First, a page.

At polling stations across the United States on Tuesday — in schools, town halls and libraries — lines formed quietly from before dawn.
Voters said a range of concerns motivated them to cast a ballot in the midterm elections, from key campaign issues such as abortion to broad disdain for the political climate.
Their choices, along with those of millions who already voted by mail or early in-person, will decide the control of US Congress, as well as many governorships, state legislatures and local offices.
Here’s what voters said drew them to the polls.
“I’ve tried to come first, make sure that I do my part, and then I can get to work,” said Robin Ghirdar, coffee in hand at a voting site in Pittsburgh, Pennsylvania.
“There’s so much polarization and misinformation that I’d like to make sure that my voice is heard.”
In Union City, a majority Black suburb of Atlanta, Georgia, 26-year-old attorney Kuanna Harris said history pulled her to the voting booth.
“A bunch of my ancestors, whether they were Black or women, were not able to vote, so I think God put me here at this particular time to carry on that torch for them.”
At a polling site in Brooklyn, New York, retired police officer Kevin Flynn voted because of “the situation that happened on January 6th” 2021, when Donald Trump supporters stormed the US Capitol.
“Once an officer, always an officer… officers got injured,” in the assault, said the 60-year-old. “It needs to be rectified…bottom line.”
Voter Donald Newton, 82, told AFP in Arizona’s capital Phoenix, that he believes Trump’s claims of massive election fraud are the “truth.”
“There’s a movie out there called 2000 mules,” said Newton, referencing a documentary alleging a conspiracy of hacked voting machines in 2020.
“It explains it all. And if you go and watch that, you’ll be convinced this is the truth of what happened there: it was stolen, the election.”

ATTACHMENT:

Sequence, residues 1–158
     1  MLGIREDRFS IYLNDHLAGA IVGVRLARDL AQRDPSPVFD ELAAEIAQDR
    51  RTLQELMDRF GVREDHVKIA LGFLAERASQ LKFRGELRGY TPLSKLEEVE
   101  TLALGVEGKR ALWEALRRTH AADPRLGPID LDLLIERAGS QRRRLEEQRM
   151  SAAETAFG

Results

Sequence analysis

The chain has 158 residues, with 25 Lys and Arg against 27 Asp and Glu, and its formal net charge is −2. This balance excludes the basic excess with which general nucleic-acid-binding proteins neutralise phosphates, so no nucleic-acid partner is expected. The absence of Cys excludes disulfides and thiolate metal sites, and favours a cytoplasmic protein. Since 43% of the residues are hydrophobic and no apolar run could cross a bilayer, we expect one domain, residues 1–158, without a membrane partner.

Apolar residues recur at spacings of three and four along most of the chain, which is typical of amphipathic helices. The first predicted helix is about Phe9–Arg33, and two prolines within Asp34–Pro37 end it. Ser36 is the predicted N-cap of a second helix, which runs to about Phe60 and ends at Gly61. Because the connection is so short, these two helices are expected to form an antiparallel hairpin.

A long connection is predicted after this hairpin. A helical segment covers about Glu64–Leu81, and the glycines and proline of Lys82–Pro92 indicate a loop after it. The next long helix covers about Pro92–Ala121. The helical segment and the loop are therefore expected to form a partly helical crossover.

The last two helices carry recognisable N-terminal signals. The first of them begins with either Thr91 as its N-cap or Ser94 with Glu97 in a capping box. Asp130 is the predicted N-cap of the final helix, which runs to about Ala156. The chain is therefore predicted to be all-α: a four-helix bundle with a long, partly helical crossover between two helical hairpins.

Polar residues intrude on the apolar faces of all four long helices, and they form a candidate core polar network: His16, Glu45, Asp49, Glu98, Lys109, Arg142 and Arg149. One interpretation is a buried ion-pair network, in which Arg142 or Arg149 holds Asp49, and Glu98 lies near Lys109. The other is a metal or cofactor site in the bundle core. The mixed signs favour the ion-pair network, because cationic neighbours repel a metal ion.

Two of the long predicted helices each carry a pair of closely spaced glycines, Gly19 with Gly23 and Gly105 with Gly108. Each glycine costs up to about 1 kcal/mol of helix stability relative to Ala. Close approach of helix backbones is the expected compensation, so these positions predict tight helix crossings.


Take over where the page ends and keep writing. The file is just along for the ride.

In contrast, 30-year-old lawyer Alexandra Ashley, in Pittsburgh, said that “some people are trying to undermine democracy. And it’s something that we can’t lose.”
And Susan Kwushue, a 50-year-old healthcare provider in Georgia, said having now voted, she knew she “contributed in my own little way by voting to make sure that things get better.”
Reproductive rights are a banner issue for many voters, after the US Supreme Court overturned the right to abortion.
In Brooklyn, sustainability consultant Helen Rubenstein said that her motivation for voting was “first and foremost, my female reproductive rights, which are a healthcare issue.”
Phoenix voter Mona Sablan, 56, said that for abortion, “it’s the decision for the woman.”
“I don’t think the state — I don’t think the local, (or) federal (government) should have anything to say about this.”
With growing political fissures in the United States, some voters said they are fed up of the hostility.
In Brooklyn, 39-year-old software engineer Quonn Bernard says “some candidates that have been up for office recently are into mud slinging and negative campaigning.”
“I just don’t want those people representing me at the highest levels.”
Analysts have also warned of the threat of violence around the elections.
One 64-year-old voter in McAllen, a city in Texas along the US border with Mexico, said he hopes that there will not be a repeat of 2020.
“My expectation is that everybody act civilized, that… all the parties accept their winnings or defeats and that we all act as a country,” said Enrique Ayala.